Report is a projection of growth, not a call to panic
What was your take from the Perryman report authorized by Priority Midland and what does it mean to governing in Midland for the next decade?
The Perryman Report told us two things:
Midland Is Growing Fast: You and I already know this because we live here. This is our home. But did you realize Midland has grown by nearly 30 percent since 2010? Driving down Andrews Highway at 5 p.m. or shopping at H-E-B on Saturday afternoon, we all feel every bit of the growth.
Midland’s Growth Will Continue: Perryman predicts our population could grow by more than 112,169 people by 2030. Can you imagine 112,169 more people impacting our streets, schools, housing market and grocery stores? We must plan for continued growth.
Some of our local systems are already straining at the seams, working to meet demands of a population our city was not built to contain. If Midland experiences even a fraction of the population growth Perryman predicts for the future, we will face staggering deficits in housing, infrastructure, education, health and wellness, and general quality of place – unless we implement strategic action to manage growth.
Our city is filled with wonderfully innovative, philanthropic, hardworking people who have a long history of working together in good times and in bad, to solve the problems that plague us. We strive to be generous and capable, kind and welcoming to newcomers. The problems we currently face are not beyond the capacity of our community to solve.
If I am elected, my focus will be to put a priority on infrastructure and facilitating safe, effective development. Here is what I will do:
1. I will prioritize housing.
We have a lack of housing that is affordable to many Midlanders. This is crippling our ability to hire enough first responders, teachers, nurses and other necessary personnel. The Midland City Council should not get into the housing business – but we can foster a friendly zoning and permitting environment for builders and developers, encouraging supply and demand to impact affordability of housing.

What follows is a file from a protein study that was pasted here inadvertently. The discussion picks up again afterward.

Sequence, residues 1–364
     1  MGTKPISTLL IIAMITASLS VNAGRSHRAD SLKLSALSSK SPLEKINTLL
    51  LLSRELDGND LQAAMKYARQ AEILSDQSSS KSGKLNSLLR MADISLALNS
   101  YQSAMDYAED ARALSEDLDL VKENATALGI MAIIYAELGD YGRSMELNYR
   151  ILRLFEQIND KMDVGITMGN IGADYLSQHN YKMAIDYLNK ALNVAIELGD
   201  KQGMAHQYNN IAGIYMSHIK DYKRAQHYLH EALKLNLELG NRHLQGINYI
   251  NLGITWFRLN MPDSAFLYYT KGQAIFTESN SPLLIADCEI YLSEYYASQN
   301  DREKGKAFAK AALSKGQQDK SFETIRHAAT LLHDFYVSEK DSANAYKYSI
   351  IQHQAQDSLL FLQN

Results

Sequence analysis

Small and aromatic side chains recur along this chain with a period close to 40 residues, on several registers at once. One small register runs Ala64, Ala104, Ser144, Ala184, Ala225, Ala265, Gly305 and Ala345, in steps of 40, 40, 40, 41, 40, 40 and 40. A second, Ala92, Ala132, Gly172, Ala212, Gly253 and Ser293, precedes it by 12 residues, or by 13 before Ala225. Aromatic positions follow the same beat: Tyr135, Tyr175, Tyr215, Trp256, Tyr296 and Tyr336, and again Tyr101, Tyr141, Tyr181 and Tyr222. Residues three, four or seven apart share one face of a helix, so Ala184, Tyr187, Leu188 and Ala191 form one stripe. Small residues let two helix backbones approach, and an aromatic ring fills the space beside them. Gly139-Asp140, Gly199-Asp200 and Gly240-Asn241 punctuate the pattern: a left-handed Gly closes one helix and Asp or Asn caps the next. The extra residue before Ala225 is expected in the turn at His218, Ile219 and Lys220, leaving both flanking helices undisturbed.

Private industry will always manage finances and growth more efficiently than government. It is the job of local government to work with city engineering, permitting and code enforcement, to streamline and provide the most business-friendly, construction-friendly environment possible.
City Council must work with the other local taxing entities, with the Permian Strategic Partnership and with other businesses and non-profits to find funding and logistical solutions. Establishing a land bank and/or a land trust are only two ideas which can facilitate quick wins of construction on infill land, inside the loop, in existing neighborhoods.
2. I will prioritize infrastructure.
Because of 30 percent population growth in 10 years, combined with oilfield traffic, our roads and infrastructure are already used beyond their maximum capacity. We must work with state, county and local resources to plan and execute infrastructure expansion.
Commodity prices may sky-rocket or they may bust. In either case, the city of Midland can no longer afford to make our decisions based upon a fearful boom/bust mentality. City Council and other local leaders must be just as fiscally responsible in the boom time as we would be in the downturn. We must use increased city revenue in strong economic times to get ahead with roads, infrastructure and planning, so that when we face economic difficulty, we can continue to cover the essentials.
Midland already has a good city plan with the Tall City Tomorrow plan from 2016. We must elect a City Council that can coordinate our local personnel assets, in conjunction with private entities, non-profits and city planners. This coordination will execute our existing road bond well and creatively fund and execute other needed projects, without unnecessary increases in taxes.
When we increase affordable housing and infrastructure, we will also see the schools and health care systems reaping the benefits in hiring and retention. General appearance and quality of place will increase exponentially, with a plan and an eye to the future of Midland.
Perryman’s growth predictions may be accurate … or they may be wrong. By his own admission, it is impossible to fully predict the future. Perryman’s report is thorough and well-considered, filled with the work of many experts in their fields. We would be foolish to ignore it – but we must see it for what it is: a projection of potential growth, not a call to panic.
Midland has what we need to address the problems we face. We must elect a mayor and two city council members who will work hard and think creatively about population growth demands. We can propel Midland into a new era of strength and success…if we work together.